On the field and off, it’s been a good week. On Tuesday, two base hits and one run – one hit between second and third; the other, just inches over the second base man’s green cap. On Thursday, with even more confidence – three base hits, three for three, but no runs. Who cares?
My nine-year-old grandson may never play in the major leagues, but don’t be surprised to see him star in Kevin Costner’s next movie about a handsome, All-American boy, who plays catcher for the Red Sox, not in Boston, but in Morton, Illinois. He looks the part, the way you would expect: short, a little stocky, bright red cheeks, a butch hair cut, and brown hair. What really draws attention to him are those bright red socks, up to his knees, matching his cheeks. Cool or hot, though, Taylor’s forehead is covered with perspiration. Everybody sweats, but he sweats more than most folks, maybe because he just tries a little harder than most kids, maybe because he has juvenile diabetes. Baseball, for him, is serious business, requiring great concentration. He’s expressionless, whether he hits a triple or throws someone out at third. No sign of emotion; everything is inside.
When Taylor’s team takes the field at the bottom of the sixth inning, he buckles the guards for his shins, pulls the padding for his stomach over his head, and brings his mask over his face. Except for putting on his cap, he’s ready to catch the next pitch. Besides improving his hitting, he is also improving his throwing. When the season began, his throws from home to third, or from home to left field, were more like mortar shells – looping up high and coming down close to the target. Now the throws are more like bullets – straight from the catcher to the third base man or to the left fielder. The inning is over quickly: three up and three down.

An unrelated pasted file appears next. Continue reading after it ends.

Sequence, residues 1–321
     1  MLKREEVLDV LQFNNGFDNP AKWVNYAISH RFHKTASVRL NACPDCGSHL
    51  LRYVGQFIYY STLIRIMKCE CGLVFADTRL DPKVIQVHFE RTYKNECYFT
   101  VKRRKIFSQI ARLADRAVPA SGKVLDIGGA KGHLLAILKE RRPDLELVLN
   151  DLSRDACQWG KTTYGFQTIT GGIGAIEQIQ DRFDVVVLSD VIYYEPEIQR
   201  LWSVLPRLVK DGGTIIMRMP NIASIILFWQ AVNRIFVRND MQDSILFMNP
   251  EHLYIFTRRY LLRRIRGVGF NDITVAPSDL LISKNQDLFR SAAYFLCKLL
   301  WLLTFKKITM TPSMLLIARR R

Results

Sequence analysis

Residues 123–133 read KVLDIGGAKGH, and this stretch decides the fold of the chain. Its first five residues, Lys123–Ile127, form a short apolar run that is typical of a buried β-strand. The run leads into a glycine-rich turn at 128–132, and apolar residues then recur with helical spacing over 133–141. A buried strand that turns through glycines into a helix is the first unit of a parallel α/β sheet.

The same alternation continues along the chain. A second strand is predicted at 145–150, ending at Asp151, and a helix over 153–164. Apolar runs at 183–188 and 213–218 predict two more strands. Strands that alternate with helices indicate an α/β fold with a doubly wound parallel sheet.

After the game, after he ate a popsicle at the refreshment stand, we’re sitting in the living room: mom and dad on comfortable chairs, grandma and grandpa on the davenport, Haley on the floor and Taylor standing beside dad’s chair. Haley, the second- grader-to-be, is sitting on the floor, playing with dolls, talking to an imaginary audience – could be Pam, the day care provider, or could be Sophie or Kayla, friends from first grade. Mom asks: “Haley, are you in another world?” She responds, almost in a trance. “Yes.” She continues talking, scolding an imaginary playmate.
Taylor, still sweating, sucking, this time, on a yellow popsicle, stands near his dad. Someone asks “Tay” about his class that morning at Bradley University, a week-long summer course for kids centered on writing. Obviously excited to have a male teacher, the nine-year-old bubbles over with enthusiasm about what he is learning: “Today, we had to write a story about something funny, and we talked about different ways of telling it.” Taylor had obviously listened; he was beginning to understand that writing requires planning and structure. “You can’t just begin with once upon a time.”
He continued to describe things he was learning in class, but his father began, very unobtrusively, to direct the conversation from Taylor’s writing, to writing, and finally to my writing. The nine-year-old was just as eager to hear about my work as I was about his. It was if Taylor had already done a lot of thinking, had mentally written down a list of really good questions, curiously mature for a young man who had just finished third grade. “Why did you decide to write about Dean Jay?” “Did you write about him because he was from your hometown?” “How are you telling the story?” After my response, he offered another approach, “Did you ever consider starting with the scene in …?”
I looked at grandma. She looked at me. We were shocked. The word “precocious” came to mind.
You see, on the field and off, it’s been a good week.
Karl K. Taylor
June 21, 2009